This cookbook appeared on my shelf several months ago, long before St. Patrick's Day was even in sight! However, I was happy that I had some recipes that I could now share with the blogging community that may be different from the typical Irish Cuisine. I had settled on making a nice loaf of this great Irish Soda Bread recipe due to it's ease and lack of ingredients. I'm also hoping to get more into the bread making habit, instead of just purchasing store bought stuff.
Little did I know that the entire blogging community seemed to have their own Soda Bread recipe saved up this year as well! As my life revolved more and more around the university library, recipes of this loaf started to spring up all over various food blogs. With a sigh, I watched as St. Patties day came and passed within a chance to make this tasty looking loaf.
Until at last, a month later, I finally managed to march into the kitchen with the expressed purpose of baking some bread. As soon as it was in the oven (a mere 15 minutes later), I couldn't believe that I hadn't made it sooner! Cooking procrastination really let me down this time...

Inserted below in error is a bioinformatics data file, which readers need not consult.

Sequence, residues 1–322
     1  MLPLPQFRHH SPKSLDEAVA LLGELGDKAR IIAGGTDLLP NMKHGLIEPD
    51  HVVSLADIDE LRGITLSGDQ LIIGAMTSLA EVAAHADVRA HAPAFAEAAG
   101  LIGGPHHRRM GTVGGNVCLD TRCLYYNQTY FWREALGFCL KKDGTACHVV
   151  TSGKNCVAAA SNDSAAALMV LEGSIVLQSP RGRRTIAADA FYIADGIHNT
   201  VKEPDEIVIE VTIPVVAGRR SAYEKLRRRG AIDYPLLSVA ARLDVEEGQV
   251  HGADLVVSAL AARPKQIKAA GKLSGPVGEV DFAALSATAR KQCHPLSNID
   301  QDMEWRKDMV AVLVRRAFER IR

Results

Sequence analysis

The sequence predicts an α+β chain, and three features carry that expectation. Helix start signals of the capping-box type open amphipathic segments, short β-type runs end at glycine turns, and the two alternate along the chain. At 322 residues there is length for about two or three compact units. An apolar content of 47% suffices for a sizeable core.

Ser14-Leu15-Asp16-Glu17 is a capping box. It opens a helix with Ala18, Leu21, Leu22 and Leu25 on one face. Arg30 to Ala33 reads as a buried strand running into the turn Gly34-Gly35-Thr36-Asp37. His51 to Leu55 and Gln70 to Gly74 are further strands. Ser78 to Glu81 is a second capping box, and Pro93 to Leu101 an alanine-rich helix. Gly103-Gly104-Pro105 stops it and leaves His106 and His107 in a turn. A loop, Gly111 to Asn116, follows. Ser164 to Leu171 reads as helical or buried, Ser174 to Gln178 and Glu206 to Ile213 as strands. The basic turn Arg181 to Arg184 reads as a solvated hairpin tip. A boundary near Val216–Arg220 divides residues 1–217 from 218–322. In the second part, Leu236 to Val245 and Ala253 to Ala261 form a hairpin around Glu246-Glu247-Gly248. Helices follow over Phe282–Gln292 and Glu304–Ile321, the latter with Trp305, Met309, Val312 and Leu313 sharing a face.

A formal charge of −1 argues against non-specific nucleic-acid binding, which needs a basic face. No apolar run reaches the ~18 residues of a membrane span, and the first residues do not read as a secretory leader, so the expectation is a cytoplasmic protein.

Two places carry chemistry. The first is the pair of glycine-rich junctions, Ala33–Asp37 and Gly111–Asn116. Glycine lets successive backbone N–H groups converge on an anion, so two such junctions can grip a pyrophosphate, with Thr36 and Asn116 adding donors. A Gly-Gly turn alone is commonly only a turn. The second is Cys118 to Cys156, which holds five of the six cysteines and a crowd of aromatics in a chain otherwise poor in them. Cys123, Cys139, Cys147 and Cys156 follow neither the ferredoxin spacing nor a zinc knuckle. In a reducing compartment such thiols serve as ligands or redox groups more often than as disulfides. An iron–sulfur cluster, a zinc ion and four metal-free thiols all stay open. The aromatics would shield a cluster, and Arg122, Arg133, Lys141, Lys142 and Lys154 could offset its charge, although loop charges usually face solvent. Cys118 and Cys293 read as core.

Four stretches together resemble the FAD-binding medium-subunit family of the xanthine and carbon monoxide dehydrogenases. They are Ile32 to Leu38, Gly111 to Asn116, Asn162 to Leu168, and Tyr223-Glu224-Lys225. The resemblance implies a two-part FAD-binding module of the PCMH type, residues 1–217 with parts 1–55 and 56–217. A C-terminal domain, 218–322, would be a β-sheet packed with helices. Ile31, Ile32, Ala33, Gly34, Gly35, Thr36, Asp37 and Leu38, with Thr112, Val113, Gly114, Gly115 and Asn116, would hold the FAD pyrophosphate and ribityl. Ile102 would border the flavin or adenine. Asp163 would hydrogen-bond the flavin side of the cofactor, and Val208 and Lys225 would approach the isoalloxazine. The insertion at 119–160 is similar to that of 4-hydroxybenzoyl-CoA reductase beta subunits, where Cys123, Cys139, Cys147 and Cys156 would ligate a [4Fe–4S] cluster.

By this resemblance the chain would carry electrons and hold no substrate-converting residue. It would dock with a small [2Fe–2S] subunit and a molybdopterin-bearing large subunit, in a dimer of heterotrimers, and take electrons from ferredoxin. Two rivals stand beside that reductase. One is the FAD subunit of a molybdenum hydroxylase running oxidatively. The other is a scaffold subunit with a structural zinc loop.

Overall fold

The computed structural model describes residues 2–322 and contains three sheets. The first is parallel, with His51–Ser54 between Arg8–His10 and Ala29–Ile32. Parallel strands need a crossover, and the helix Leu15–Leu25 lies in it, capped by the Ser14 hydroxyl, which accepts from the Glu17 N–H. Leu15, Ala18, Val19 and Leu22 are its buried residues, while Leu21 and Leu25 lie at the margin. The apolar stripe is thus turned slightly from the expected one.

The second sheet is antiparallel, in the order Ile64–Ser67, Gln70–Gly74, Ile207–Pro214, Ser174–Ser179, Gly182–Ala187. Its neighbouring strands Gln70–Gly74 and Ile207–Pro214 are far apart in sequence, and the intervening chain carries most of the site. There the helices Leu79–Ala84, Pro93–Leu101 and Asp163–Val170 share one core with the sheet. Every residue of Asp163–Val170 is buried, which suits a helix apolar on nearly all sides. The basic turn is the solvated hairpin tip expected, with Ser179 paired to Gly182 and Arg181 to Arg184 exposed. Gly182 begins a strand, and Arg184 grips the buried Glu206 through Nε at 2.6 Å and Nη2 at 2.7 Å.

Luckily, I now have a great tasting Irish Soda Bread recipe that I will undoubtedly make several times again before St. Patties rolls around again! Besides, you don't need to wait for a holiday to have good food! It makes an especially good grilled cheese or fried egg sandwich. I only regret I didn't get the chance to make it into french toast! But soon I hope!
Irish Soda Bread
Flour - 4 cups
Salt - 1 tsp
Baking Soda - 1 tsp
Buttermilk - 2 cups
Vegetable Oil - for brushing
Preheat the over to 425F. Brush a baking sheet lightly with the vegetable oil and set aside.
In a large bowl, add the flour, salt and baking soda. Stir together until well blended. Make a well in the center and gradually add the buttermilk. You want the dough to be soft, but not too wet. If you have some buttermilk left over, just keep to the side. Mix well with a wooden spoon as you add the milk, then with your hands until the dough forms a small ball.
Turn out the dough on a lightly floured counter and knead lightly and briefly. Shape into a round loaf, approx 8" across. Place on the greased baking sheet.
With a sharp knife, cut a cross into the top. According to Irish mythology, this cross is to ward off evil or to let fairies out. It also has the benefit or helping the bread to rise.
Bake for around 30-40 minutes or until the top of the bread is golden brown. When lifting the loaf and tapping the bottom, it should give a nice hollow sound. Let cool on a wire rack for a few minutes, then serve warm.